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News & Press: MPCA News

Lack of HCV Testing Means a Losing Battle

Wednesday, October 18, 2017  
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by Loretta V. Bush, MSHA, CEO

 

According to the Centers for Disease Control and Prevention, about 3.9 million Americans are living with hepatitis C (HCV) — and many of them don’t know it. That’s because people can live with the virus for years before symptoms manifest, and by then, the virus may have led to complications such as cirrhosis or liver cancer. More than 50 percent of all liver cancer cases are HCV related.

So why aren’t more people getting tested and treated?

In the past, medical professionals recommended testing only for individuals within the so-called birth cohort (those born between 1945 and 1965) or those with certain risk factors, such as people who received blood transfusions, blood products, or organ donations before June 1992. But today, studies suggest that more than 90 percent of HCV transmission in developed countries, including the U.S., takes place through needle sharing and injection drug use. Between 2005 and 2015, the number of cases of chronic HCV in U.S. young adults increased by 302 percent, which loosely correlates to rise of the opioid epidemic.

It’s harder for many of those people to get care. Individuals with substance use disorders are often unfairly blamed for acquiring HCV (or HIV) and may even be seen as being “unworthy” of treatment. And unfortunately, some health care professionals are not immune from these value judgments.

This stigma, coupled with access to care challenges, is a massive barrier when it comes to diagnosing and treating the disease. A culture change is necessary to ensure that all physicians, especially those in underserved areas, can provide the care and treatment everyone rightfully deserves. Right now, only 16 percent of the people diagnosed with HCV are prescribed treatment.

We can’t win the war if we’re not even fighting the battle.

Fighting starts by routinizing and normalizing testing and treatment in primary care environments. In 2006, the Centers for Disease Control and Prevention recommended routinized HIV screening in all people aged 13–64 regardless of risk factors. By providing routine screenings at our community health centers, we can catch more people who are unaware of their status, link those people to care, and provide treatment. Routinization also helps to make HCV testing a matter of course, reducing stigma and encouraging people to get the care they need — without fear or shame.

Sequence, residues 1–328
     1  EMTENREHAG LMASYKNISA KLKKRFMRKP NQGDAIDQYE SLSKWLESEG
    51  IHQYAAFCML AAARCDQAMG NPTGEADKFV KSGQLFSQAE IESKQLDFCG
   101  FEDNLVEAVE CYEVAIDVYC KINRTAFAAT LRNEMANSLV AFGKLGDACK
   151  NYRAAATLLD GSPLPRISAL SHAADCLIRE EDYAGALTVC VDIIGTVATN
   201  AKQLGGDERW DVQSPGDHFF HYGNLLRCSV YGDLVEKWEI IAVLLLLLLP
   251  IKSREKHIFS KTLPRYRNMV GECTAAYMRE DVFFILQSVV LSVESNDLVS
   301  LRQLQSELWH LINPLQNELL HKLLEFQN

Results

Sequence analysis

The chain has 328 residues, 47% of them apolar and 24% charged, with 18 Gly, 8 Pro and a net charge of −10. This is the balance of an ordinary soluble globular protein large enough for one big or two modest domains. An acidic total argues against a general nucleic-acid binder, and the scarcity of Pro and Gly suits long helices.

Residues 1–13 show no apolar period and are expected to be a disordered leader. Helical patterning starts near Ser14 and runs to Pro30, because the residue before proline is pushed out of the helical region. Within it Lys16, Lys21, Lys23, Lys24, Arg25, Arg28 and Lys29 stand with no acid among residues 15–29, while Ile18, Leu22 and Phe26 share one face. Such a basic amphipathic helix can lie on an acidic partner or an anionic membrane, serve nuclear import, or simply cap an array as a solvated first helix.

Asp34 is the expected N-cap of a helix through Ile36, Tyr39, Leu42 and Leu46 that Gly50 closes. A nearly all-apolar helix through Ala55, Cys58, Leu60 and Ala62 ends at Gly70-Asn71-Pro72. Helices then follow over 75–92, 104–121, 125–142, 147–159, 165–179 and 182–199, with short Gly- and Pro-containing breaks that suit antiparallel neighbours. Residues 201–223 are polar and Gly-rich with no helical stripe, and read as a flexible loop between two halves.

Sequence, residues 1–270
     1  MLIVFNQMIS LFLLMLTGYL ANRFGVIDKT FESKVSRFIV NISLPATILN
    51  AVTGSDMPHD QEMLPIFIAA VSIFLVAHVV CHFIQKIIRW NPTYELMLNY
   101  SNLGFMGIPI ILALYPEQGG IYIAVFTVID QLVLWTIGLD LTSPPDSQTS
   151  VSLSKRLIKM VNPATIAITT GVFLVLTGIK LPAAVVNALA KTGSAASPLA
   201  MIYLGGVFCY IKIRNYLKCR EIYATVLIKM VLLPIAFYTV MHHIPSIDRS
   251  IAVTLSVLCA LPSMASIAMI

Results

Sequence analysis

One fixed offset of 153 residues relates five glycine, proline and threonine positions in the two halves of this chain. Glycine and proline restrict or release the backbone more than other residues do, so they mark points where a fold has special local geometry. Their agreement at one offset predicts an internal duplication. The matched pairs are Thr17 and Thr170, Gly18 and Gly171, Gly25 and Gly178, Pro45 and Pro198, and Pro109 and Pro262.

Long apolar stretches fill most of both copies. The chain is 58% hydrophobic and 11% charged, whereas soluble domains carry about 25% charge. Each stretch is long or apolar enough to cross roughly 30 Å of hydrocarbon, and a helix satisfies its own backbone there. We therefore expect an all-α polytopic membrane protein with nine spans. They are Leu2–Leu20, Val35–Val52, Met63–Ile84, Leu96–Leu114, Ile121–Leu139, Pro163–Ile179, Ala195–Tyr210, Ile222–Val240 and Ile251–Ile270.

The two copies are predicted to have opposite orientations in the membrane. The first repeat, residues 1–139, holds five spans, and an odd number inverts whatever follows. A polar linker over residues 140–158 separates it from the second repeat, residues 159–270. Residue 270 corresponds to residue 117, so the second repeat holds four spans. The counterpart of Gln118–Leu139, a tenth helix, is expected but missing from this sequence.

There’s no excuse not to test. We have more tools than ever to increase our ability to provide HCV-related care. The Michigan Department of Health and Human Services (MDHHS) is working hard to provide technical assistance for the implementation of the HCV screening tool, as well as the incorporation of testing reminders in the Electronic Health Record. In addition, MDHHS labs will accept blood samples and conduct the HCV antibody test and HCV RNA test free of charge for Michigan health centers.

We can look beyond the state for help, too. Michigan health centers can apply to be a part of Gilead’s FOCUS program, which was created to increase partnerships and make routine HIV/HCV screening a standard of medical care. As part of the program, Gilead will provide seed money to help augment electronic health records for testing triggers. To learn more, contact Monique Rucker, Regional Lead for Michigan and Ohio, by emailing monique.rucker@gilead.com or by calling 410.207.6701 before October 23.

There is a cure. We just have to deliver it.


 
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